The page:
According to a study in the Annals of Internal Medicine (2014; 160 , 517–25), close to 21 million adults aged 20 and older had confirmed diabetes in 2010, and some sectors of the population were more likely than others to develop the disease.
Using data from the National Health and Nutrition Examination Surveys, the scientists looked at diabetes rates and diagnosis among adults in 1988–1994 and 1999–2010.*
“During 2 decades, the prevalence of total confirmed diabetes increased, but the prevalence of undiagnosed diabetes remained fairly stable, reducing the proportion of total diabetes cases that are undiagnosed to 11% in 2005–2010,” the researchers explained.
While this data seems to present an improvement, the researchers noted that diabetes was less controlled among non-Hispanic blacks (15%) and Mexican Americans (12%) than it was among non-Hispanic whites (9%).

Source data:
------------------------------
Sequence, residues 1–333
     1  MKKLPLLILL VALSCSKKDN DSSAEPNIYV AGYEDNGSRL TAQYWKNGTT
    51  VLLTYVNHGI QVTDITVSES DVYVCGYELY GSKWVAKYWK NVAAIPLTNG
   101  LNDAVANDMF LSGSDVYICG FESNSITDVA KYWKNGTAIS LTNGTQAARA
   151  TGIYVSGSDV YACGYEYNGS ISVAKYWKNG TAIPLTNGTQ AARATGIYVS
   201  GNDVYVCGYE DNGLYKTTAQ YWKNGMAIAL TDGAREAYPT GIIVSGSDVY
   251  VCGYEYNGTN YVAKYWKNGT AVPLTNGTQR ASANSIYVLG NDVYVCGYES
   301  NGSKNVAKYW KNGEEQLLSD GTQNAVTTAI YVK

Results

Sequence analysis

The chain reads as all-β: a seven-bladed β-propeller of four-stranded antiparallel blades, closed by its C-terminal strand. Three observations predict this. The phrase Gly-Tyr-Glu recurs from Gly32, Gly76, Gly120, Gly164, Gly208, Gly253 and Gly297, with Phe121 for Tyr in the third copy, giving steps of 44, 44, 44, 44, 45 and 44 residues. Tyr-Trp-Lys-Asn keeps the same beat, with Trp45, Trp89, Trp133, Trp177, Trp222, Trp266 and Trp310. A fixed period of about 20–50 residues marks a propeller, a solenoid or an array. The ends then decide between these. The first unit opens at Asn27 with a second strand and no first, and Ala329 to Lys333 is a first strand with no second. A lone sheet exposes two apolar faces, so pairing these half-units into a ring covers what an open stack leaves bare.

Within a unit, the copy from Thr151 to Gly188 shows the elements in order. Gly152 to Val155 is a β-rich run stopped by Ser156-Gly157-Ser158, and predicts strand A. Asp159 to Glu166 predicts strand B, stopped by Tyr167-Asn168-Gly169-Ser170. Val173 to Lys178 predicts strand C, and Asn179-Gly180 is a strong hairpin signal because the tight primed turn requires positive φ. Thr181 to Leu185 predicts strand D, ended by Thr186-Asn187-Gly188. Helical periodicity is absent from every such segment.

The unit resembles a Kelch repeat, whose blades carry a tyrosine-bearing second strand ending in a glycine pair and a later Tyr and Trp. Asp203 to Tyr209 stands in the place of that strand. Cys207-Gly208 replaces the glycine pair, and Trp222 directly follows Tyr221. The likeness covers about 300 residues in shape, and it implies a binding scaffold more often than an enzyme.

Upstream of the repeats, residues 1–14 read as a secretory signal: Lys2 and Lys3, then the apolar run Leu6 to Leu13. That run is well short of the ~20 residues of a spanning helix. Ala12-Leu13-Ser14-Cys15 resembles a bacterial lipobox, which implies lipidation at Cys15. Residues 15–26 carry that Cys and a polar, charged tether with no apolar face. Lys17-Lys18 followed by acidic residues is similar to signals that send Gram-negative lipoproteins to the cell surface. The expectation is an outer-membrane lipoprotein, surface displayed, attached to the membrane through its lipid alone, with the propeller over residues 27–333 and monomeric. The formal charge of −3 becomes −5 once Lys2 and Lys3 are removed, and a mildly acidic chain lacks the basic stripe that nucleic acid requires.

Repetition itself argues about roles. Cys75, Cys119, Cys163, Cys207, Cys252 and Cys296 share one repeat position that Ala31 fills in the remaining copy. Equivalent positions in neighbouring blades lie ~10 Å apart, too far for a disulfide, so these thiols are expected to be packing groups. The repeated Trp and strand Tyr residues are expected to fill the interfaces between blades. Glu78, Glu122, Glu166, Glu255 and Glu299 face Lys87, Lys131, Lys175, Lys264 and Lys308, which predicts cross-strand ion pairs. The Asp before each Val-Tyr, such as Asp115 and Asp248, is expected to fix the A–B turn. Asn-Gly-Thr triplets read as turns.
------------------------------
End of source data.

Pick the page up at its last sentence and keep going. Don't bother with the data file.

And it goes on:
“Among the growing number of persons with diagnosed diabetes, glycemic control improved but remains a challenge, particularly among non-Hispanic blacks and Mexican Americans,” stated the authors.
* The CDC has reported that “the number of adults reporting diabetes . . . more than tripled—from 6.5 million to 20.7 million”—between 1990 and 2010 (www.cdc.gov/diabetes/news/docs/cdcstudy.htm).